Update on Egypt, Syria, and Turkey

Egypt’s elections seem to have come off with much less violence than feared.  But talk of boycott by liberal groups was unnerving, and it will be tense when results are announced to see if they are accepted by all major parts of the electorate.

Meanwhile, Syria is drifting toward civil war, but that war may be brief.  The combination of sanctions and conflicts is eating up Syria’s budget and dragging down its economy; the opposition is growing stronger and more aggressive day by day; and it seems only a matter of time before business elites in Aleppo and Damascus say “enough” and joint the effort to force Assad to step down.

However, it will likely require an international agreement and perhaps international peace keepers to keep a post-Assad transition from leading to a sectarian civil war; so let’s hope those plans are being made.

It is very helpful that Turkey has come out so strongly in favor of the populace and against sultanistic rulers in the region.  But it would be even better if Turkey were to be mindful of its own human rights record.  There the news is not so happy; actions against pro-Kurdish groups and journalists critical of the regime are creating a climate of fear and distrust.  PM Erdogan needs to be reminded that while the world is grateful to Turkey for its work to promote human rights and civilian safetly in the region, Turkey would be even more persuasive as a model and regional leader if its own record on human rights was exemplary.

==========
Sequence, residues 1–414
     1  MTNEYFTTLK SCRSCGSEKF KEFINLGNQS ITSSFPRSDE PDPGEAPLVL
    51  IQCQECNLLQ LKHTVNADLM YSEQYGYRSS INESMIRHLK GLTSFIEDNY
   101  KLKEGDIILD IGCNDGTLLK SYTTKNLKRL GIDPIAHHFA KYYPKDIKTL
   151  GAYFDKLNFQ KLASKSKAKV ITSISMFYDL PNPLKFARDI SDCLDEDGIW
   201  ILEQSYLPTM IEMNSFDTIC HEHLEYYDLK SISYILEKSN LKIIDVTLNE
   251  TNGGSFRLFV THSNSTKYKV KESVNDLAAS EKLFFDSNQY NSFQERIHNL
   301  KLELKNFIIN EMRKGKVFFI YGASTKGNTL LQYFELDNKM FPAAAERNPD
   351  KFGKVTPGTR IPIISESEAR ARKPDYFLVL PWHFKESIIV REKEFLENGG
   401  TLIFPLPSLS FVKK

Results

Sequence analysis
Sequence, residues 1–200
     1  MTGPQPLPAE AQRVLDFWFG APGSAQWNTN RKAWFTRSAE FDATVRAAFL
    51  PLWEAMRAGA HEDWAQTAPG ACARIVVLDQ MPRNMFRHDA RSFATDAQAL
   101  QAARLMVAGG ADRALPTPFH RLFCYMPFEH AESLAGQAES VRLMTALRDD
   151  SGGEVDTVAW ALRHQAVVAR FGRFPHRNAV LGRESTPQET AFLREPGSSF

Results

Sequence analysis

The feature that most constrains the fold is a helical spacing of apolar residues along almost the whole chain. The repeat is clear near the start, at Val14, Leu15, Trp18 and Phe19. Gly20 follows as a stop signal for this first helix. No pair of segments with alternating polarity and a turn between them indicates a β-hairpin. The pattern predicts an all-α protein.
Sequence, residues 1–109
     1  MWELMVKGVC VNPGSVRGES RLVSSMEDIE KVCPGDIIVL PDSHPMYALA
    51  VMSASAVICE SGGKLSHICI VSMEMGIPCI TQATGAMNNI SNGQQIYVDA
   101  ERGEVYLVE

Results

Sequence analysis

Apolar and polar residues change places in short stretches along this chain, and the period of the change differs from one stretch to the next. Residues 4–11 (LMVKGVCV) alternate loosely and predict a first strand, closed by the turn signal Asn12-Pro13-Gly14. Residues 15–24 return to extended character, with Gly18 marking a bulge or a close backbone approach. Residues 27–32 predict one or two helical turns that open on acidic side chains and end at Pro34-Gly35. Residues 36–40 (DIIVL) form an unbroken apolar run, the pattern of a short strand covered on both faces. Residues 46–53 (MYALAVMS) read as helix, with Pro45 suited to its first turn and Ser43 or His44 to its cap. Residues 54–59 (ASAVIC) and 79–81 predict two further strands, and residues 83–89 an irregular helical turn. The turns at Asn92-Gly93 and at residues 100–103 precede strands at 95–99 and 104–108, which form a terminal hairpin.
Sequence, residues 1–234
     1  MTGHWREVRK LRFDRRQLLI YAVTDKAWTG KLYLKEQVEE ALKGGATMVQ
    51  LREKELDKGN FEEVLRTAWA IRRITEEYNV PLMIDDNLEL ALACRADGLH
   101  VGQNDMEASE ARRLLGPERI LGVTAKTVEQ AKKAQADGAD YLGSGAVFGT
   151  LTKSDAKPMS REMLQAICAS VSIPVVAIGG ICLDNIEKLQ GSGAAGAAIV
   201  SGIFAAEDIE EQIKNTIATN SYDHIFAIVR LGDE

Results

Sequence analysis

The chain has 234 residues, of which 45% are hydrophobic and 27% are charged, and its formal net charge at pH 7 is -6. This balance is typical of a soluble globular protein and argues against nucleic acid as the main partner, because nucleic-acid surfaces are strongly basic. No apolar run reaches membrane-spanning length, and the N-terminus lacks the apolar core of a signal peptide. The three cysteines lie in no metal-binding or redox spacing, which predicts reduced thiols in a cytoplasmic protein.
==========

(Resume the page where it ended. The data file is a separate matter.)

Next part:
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About jackgoldstone

Hazel Professor of Public Policy at George Mason University
This entry was posted in The Middle East Revolts. Bookmark the permalink.

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